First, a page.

Putin accuses West of ‘destabilising’ the Balkans

Russia’s Foreign Minister Sergei Lavrov reacts during the annual news conference in Moscow, Russia January 16, 2019. — Reuters pic
Russia’s Foreign Minister Sergei Lavrov reacts during the annual news conference in Moscow, Russia January 16, 2019. — Reuters pic

BELGRADE, Jan 16 — Ahead of a visit tomorrow to Belgrade, Russian President Vladimir Putin has blamed Western countries for “destabilising” the Balkans, returning an accusation often lobbed in his direction.

“As for the situation in the Balkans, a serious destabilising factor there is the policy of the US and some other Western countries aimed at securing their dominance in the region,” he told the Serbian Vecernje Novosti newspaper in an interview published on the Kremlin website.

The Balkans are often cast as a battleground between Eastern and Western powers, though all countries in the region aspire to join the European Union and most are already allied with Nato.

However Serbia, while also an EU candidate, remains a staunch Moscow ally and is set to welcome Putin with a parade tomorrow.

The two countries share Slavic roots and the Orthodox Christian faith, which Putin described as their “spiritual and cultural kinship”.

They are also united over the issue of Kosovo — the former Serbian province whose independence Belgrade refuses to acknowledge. Moscow has supported Serbia on this front and can use its veto to block Kosovo from the United Nations.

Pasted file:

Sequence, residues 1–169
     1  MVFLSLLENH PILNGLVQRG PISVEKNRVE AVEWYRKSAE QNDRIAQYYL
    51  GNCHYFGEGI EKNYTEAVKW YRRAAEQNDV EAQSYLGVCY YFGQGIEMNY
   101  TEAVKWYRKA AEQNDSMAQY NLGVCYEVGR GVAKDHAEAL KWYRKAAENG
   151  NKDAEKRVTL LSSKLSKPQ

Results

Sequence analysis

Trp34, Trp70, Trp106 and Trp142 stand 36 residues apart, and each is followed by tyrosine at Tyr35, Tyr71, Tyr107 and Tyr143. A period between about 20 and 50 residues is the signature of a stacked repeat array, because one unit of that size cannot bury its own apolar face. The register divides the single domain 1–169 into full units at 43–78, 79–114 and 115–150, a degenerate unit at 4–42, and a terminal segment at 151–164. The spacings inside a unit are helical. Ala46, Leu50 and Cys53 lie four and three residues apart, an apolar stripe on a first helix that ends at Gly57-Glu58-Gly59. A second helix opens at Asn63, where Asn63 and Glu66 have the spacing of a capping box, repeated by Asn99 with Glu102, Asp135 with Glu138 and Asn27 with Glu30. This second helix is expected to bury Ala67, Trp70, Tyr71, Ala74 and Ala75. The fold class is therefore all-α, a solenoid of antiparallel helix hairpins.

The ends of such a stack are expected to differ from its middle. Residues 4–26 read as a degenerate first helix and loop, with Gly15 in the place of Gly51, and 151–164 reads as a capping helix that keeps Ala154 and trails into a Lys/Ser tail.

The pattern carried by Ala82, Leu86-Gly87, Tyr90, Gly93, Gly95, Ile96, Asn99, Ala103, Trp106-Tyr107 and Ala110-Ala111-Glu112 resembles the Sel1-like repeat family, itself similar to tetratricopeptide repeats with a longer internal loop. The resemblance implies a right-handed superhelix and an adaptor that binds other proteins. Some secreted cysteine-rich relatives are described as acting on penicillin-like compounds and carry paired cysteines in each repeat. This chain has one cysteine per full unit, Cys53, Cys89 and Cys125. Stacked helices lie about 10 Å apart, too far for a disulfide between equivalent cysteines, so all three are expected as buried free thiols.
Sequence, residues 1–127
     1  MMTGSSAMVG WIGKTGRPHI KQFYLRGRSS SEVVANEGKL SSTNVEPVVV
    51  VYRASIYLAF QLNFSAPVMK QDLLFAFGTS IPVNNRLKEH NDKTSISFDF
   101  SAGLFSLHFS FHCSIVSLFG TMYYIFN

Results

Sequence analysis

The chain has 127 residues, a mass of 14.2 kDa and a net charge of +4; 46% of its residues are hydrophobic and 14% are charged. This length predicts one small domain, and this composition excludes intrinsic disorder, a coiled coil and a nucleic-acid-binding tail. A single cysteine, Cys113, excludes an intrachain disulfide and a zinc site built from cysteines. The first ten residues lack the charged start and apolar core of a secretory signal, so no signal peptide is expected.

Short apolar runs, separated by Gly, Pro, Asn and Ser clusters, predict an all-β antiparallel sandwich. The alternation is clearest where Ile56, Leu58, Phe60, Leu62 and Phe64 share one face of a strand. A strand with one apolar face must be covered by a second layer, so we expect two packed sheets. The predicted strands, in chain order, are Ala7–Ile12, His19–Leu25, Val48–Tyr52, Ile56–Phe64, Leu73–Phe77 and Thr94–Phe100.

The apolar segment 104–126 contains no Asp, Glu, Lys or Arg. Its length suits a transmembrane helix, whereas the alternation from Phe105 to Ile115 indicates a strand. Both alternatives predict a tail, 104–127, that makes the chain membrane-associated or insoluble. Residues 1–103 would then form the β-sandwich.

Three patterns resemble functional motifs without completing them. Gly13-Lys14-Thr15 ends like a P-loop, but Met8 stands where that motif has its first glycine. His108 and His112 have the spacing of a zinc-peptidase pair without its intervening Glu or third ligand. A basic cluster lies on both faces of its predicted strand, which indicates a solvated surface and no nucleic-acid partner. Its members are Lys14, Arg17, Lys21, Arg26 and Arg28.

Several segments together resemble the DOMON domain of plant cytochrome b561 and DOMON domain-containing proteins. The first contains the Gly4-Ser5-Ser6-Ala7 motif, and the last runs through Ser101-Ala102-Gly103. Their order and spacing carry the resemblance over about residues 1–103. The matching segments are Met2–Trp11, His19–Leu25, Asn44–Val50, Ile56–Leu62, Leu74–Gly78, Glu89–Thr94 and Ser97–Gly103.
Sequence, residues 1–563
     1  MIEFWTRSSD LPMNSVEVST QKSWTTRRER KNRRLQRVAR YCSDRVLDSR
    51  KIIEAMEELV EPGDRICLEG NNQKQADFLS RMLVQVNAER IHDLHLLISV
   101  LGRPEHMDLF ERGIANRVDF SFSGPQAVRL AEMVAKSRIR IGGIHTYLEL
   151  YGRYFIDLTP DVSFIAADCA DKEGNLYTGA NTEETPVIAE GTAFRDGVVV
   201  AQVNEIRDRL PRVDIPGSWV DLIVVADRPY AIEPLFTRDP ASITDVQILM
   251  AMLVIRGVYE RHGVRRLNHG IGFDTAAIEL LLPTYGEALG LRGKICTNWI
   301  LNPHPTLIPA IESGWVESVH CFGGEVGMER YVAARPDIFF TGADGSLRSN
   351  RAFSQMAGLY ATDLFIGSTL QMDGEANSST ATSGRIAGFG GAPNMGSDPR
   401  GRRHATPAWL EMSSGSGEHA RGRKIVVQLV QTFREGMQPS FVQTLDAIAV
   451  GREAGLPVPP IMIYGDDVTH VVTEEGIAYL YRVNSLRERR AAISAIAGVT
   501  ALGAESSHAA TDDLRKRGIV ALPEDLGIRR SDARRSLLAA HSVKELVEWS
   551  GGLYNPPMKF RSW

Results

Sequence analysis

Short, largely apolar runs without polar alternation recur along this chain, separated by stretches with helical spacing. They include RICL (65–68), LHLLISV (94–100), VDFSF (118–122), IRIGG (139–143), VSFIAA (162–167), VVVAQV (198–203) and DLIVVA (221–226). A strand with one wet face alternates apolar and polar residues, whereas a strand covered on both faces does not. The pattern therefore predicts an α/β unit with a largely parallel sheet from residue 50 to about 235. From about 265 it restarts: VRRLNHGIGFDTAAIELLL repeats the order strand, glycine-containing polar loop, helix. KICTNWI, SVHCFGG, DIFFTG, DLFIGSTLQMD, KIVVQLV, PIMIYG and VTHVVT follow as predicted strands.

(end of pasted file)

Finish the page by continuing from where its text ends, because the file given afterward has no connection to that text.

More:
The US, a strong ally to Kosovo, has frequently accused Russia of meddling in the affairs of the region, including in last year’s referendum in Macedonia to change its name, a prerequisite for joining Nato.

Putin however accused the West of pressuring Macedonia and Montenegro, a new Nato candidate, against the will of their people.

The Nato expansion efforts are drawing “new dividing lines on the European continent,” he told the newspaper Politika.

In Moscow, Russian Foreign Minister Sergei Lavrov also questioned the “legitimacy” of the Macedonia name-change referendum, which is an effort to end a long-running row with Greece.

“We do not oppose the name that has been proposed, we only question...the willingness of the United States to lead all Balkan states into Nato as soon as possible and to remove any Russian influence in this region,” he said.

“We cannot agree with those who say that Russia has no place in the Balkans,” Lavrov added. — AFP

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